Risk Intelligence Solution
When was the last time you booked an air ticket with a travel agent? Can’t remember? Don’t worry, neither does anyone else. Using mobiles to book air tickets, make hotel reservations and schedule airport rides is just part of the dramatic way travel is changing. There is more: Marriott Hotels is sending its guests to the mountains in Chile and to ice cream shops in Rwanda using Virtual Reality (VR). Australia is enabling document-less travel to New Zealand using passports stored in Cloud. Airports, central to world travel, aren’t too far behind. They too are busy reshaping customer experience by leveraging digital technologies such as the Internet of Things (IoT), Augmented Reality (AR), Virtual Reality (VR), mobility, analytics and cognitive computing. Airport operators know that travel is demanding and if they can use these technologies to turn passenger stress into satisfaction, they stand to win by becoming the travel hubs of choice.
For decades, airports looked at passengers as people just walking from kerbside to airside. Even today, passengers have to deal with scores of irritants like security controls, navigating to the right gates, interpreting signage and hunting down simple facilities like charging points. The challenge before airports, facing competitive landing charges, tightening regulations, increasing costs and alternative modes of transport that are taking away passengers, is two-fold:
- Reducing the annoyance from routine travel processes to put passengers in the right frame of mind so that they spend time shopping and consuming value added services
- Acquiring adequate passenger information to improve operations and personalize the travel experience without sacrificing safety and security
Today, technology is creating fresh opportunities to address passengers, operations and retail—the three key areas that differentiate the leaders from the laggards in the highly competitive business of airports.
Passenger facing transformation
Airports can begin by partnering with airlines that have traditionally held vital passenger information. Using the passenger data, airports can offer a ‘home2home’ experience that includes mobile apps for flight information, transportation services, parking, kerbside assistance, automated check ins, language translation, etc., while pointing passengers to relevant services like business lounges, shopping, entertainment and restaurants based on their personal needs. Using real-time data, airports can offer never-before services such as assisting passengers to identify and locate friends and colleagues who are at the same airport (enabling social interaction). In essence, data can be leveraged to boost overall customer experience, enhance non-aeronautical share of wallet, improve retail revenues and make it a preferred airport.
Airport operations are asset and equipment intensive. There is an increase in ownership and maintenance costs that is pushing airports to create new management solutions. Digital technologies such as IoT, analytics, Cloud and mobility can be used to improve utilization, productivity and asset longevity. As an example, fleet tracking can ensure efficient utilization of airport passenger buses, tugs, toes, refueling trucks, etc. Digital technology can cut the miles travelled by these vehicles, reduce their carbon footprint, shrink fleet size and lifecycle costs. Intelligent facilities monitoring, using digital technology and analytics, can help reduce energy and water consumption, two major costs that largely go unaddressed at most airports. Real time data, analytics, information management and advanced technologies such as AR, VR and machine vision can be used uniquely to empower passengers and the workforce to deliver a differentiated customer experience. For example, luggage can be scanned for digital tags as well as by cameras to identify location and physical condition/damage – with the information being made available directly and instantly to the passenger over a mobile app.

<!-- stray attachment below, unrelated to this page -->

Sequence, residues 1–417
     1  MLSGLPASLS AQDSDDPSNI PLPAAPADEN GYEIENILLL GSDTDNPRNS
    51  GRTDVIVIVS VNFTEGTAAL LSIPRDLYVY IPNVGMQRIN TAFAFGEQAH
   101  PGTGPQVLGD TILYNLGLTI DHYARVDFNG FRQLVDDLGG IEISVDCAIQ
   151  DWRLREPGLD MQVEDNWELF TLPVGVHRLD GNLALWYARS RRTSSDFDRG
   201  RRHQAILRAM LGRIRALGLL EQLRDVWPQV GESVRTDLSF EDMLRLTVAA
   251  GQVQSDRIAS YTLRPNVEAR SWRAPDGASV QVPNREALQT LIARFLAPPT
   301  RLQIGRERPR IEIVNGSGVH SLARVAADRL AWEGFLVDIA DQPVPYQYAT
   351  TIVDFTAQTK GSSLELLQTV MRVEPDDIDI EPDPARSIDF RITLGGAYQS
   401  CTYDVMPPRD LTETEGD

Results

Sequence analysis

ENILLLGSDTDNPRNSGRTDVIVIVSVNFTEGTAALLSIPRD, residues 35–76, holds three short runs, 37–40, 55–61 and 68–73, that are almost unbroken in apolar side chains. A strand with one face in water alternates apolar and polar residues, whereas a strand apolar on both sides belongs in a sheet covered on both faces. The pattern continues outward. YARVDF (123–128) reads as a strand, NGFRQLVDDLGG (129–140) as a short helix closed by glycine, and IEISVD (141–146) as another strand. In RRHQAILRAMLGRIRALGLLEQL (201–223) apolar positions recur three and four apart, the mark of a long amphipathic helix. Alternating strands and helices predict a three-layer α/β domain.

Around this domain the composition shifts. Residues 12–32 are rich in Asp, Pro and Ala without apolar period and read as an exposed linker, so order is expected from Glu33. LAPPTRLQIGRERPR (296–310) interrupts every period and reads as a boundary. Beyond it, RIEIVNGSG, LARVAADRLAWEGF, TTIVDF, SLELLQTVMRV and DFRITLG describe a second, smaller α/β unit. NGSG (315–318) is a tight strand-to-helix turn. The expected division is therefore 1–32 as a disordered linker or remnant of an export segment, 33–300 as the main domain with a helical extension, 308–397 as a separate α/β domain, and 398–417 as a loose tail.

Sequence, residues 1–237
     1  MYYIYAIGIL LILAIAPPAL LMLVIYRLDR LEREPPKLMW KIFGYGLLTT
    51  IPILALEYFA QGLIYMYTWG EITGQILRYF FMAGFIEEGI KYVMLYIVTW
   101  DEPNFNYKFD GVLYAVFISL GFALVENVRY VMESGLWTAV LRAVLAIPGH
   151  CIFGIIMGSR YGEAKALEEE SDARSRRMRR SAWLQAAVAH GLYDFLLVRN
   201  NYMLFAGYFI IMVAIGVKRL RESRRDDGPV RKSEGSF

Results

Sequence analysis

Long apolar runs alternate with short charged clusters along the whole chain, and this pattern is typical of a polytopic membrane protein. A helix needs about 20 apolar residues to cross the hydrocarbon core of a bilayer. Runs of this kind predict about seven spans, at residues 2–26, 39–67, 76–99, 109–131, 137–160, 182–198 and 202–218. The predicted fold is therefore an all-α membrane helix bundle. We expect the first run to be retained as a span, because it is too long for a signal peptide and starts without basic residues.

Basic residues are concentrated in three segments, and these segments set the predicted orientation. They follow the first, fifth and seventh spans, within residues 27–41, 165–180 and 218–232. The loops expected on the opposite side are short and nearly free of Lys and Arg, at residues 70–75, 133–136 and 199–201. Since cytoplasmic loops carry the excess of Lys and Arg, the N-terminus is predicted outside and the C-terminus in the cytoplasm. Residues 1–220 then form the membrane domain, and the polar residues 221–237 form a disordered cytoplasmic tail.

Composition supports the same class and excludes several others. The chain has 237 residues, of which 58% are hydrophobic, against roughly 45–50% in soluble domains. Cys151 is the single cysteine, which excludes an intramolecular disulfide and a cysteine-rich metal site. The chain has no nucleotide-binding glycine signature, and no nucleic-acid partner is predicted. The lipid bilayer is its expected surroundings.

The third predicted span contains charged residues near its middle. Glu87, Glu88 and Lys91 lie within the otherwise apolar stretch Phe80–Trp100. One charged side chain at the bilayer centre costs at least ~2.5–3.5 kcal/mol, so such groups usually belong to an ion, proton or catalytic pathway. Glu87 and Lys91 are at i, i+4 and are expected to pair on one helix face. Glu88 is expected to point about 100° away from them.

Airports are in the happy position of having captive passengers (customers). If the kerbside to airside journey for them can be made simple, short and stress free, they will be willing to pay for services (such as advance luggage pick-up, security scanning and loading) and will have the time to spend in retail stores, spas, business lounges and restaurants while waiting for their flights.
Airports can use passenger data from shopping history, past interactions and partner channels (airlines, ticketing services, logistics partners, etc.) to send contextualized advertising and offers over a mobile phone. This can guide passengers into buying the right products (clothes, books, electronics, cosmetics, souvenirs) or opting for entertainment.
More lately, given the rising cost of real estate, retailers have the option of using VR to offer highly realistic shopping experience to customers in small retail spaces without compromising the experience. Payments for purchases can be further simplified by using mobile/ digital payment processes.
The runway to opportunity
Airports have, by default, access to large captive customers (passengers), without having to invest in marketing. In addition, new systems and security requirements are generating vast amounts of data about these customers. Airports can now leverage emerging technology (IoT, machine vision, data discovery and analytics) to extract insights and foresights about customers. New technologies (which include mobility, cognitive computing,
AR and VR) can then help shape better passenger-centric experiences that can, in turn, be used to build non-aeronautical revenue.